China to step up work on national social credit system

Updated: Jan 29, 2019 China Daily Print
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A Chinese resident shows her bank cards. [Photo/IC]

The central government will take more steps to improve data quality and speed up the legislation process as part of its efforts to create a nationwide social credit system, officials said.

"Basic infrastructural construction of the social credit system has been done at the central and local levels. More efforts will be put on improving data quality and enhancing cooperation with different regulators and on legislation, the last of which may take several years or longer to accomplish," said an official with the National Development and Reform Commission who is in charge of drafting the guidelines.

Unveiled in 2014, the framework for a national social credit system is already in place, and the government aims to get the remaining work done by 2020.

Under the system, financial behavior such as failing to pay a credit card bill or frivolous spending and bad behavior such as boarding a train without a ticket, can result in serious consequences.

Penalties include curbs on taking flights, trains, employment and educational opportunities, but it also seeks to reward people with high scores. For instance, people with a good credit record are able to get discounts on utility bills and faster application processes for travel abroad, depending on rules established by various local authorities.

"We encourage local governments to build methodologies of their own, and have no intention to unify them as national standards. Local governments understand what fit them the most," said the official.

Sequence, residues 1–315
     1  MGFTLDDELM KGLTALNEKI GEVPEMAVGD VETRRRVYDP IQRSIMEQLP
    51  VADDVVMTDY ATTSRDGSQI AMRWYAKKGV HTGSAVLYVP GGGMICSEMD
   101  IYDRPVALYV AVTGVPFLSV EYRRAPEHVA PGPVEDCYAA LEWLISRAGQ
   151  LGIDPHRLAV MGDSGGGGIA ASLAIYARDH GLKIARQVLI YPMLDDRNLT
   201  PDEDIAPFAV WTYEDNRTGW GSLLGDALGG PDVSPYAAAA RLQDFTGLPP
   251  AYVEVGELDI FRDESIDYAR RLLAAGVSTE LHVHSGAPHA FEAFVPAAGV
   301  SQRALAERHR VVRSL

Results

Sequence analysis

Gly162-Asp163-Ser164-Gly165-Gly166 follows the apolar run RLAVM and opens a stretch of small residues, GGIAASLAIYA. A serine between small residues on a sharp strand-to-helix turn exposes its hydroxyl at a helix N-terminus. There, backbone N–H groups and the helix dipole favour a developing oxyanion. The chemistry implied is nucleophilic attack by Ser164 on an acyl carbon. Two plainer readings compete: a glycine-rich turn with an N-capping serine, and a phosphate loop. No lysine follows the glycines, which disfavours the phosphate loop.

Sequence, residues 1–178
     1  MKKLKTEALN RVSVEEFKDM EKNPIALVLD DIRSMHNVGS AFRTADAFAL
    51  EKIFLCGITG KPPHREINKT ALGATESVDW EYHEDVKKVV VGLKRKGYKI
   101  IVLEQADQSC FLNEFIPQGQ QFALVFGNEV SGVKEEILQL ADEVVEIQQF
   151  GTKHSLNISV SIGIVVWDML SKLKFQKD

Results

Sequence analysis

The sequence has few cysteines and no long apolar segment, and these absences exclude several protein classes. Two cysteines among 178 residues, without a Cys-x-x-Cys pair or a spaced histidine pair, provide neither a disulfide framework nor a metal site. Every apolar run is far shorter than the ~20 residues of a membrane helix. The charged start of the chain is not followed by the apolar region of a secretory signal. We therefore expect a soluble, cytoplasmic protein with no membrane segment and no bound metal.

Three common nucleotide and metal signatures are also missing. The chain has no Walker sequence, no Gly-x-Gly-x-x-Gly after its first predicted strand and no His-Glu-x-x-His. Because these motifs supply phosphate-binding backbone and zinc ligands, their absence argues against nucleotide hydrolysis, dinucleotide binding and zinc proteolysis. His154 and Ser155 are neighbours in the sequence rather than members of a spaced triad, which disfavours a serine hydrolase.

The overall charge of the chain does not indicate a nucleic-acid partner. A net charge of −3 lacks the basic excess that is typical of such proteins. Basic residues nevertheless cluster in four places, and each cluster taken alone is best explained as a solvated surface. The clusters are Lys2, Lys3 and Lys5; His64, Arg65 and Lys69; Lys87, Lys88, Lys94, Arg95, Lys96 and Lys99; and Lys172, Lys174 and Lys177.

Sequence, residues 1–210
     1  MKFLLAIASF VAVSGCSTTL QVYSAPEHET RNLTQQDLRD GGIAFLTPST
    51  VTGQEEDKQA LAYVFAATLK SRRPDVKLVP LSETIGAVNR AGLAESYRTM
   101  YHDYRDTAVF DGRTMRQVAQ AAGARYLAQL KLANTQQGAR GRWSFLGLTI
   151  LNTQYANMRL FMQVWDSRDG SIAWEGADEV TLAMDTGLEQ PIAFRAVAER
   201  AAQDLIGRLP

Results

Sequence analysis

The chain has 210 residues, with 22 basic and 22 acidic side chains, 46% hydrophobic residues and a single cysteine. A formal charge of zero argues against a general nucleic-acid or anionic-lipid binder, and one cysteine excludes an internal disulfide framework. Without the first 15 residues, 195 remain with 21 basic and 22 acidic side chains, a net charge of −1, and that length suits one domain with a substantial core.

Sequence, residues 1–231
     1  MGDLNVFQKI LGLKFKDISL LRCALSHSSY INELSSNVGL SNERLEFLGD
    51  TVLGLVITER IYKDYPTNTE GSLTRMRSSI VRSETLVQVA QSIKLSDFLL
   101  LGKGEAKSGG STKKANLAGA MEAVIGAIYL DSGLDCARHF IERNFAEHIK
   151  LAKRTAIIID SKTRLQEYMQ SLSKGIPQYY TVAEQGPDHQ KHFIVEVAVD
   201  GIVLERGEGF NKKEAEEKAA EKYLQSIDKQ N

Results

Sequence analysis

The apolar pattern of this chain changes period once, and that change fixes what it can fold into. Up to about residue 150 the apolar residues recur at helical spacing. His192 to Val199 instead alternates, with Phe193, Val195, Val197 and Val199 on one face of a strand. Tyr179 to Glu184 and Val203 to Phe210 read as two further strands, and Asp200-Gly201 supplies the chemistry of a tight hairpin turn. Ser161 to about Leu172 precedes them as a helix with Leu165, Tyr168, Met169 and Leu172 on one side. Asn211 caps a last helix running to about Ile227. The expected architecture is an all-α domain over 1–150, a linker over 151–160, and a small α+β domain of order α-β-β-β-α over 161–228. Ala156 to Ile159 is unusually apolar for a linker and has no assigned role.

Looking ahead, relevant government bodies will put more efforts to sign memorandums with other departments, speed up the legislative process and improve data quality, at a time when data collection is still conducted by people manually in some distant places, the official said.

Liao Yongan, vice-president of Xiangtan University, said the government should improve protection of credit information of individuals. Liao said unlike personal information in general, credit information has unique legal attributes that need to be specifically addressed in social credit legislation.

Echoing his remarks, Han Jiaping, head of the Institute of Credit and E-Commerce at the Ministry of Commerce, said China needs to promote legislation for the public and market entities credit systems.

The NDRC and the People's Bank of China are establishing their own credit systems, with some overlaps and responsibilities in regulation yet to be clarified. Algorithmic transparency should be included into future legislation of social credit system. Rules such as how governments conduct analysis to reach a score or ranking should be specified, Han said.

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